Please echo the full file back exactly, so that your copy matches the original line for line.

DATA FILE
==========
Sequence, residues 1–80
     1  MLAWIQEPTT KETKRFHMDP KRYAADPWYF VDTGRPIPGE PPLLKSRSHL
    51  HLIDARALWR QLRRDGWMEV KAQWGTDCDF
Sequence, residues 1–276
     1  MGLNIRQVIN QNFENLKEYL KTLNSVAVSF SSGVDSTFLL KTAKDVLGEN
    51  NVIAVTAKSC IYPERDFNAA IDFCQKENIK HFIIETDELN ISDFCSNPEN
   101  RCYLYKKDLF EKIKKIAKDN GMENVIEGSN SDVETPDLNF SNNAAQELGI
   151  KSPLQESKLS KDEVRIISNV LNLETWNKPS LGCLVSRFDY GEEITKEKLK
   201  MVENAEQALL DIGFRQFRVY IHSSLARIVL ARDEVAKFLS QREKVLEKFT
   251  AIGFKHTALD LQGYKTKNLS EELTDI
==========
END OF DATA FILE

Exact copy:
Sequence, residues 1–80
     1  MLAWIQEPTT KETKRFHMDP KRYAADPWYF VDTGRPIPGE PPLLKSRSHL
    51  HLIDARALWR QLRRDGWMEV KAQWGTDCDF
Sequence, residues 1–276
     1  MGLNIRQVIN QNFENLKEYL KTLNSVAVSF SSGVDSTFLL KTAKDVLGEN
    51  NVIAVTAKSC IYPERDFNAA IDFCQKENIK HFIIETDELN ISDFCSNPEN
   101  RCYLYKKDLF EKIKKIAKDN GMENVIEGSN SDVETPDLNF SNNAAQELGI
   151  KSPLQESKLS KDEVRIISNV LNLETWNKPS LGCLVSRFDY GEEITKEKLK
   201  MVENAEQALL DIGFRQFRVY IHSSLARIVL ARDEVAKFLS QREKVLEKFT
   251  AIGFKHTALD LQGYKTKNLS EELTDI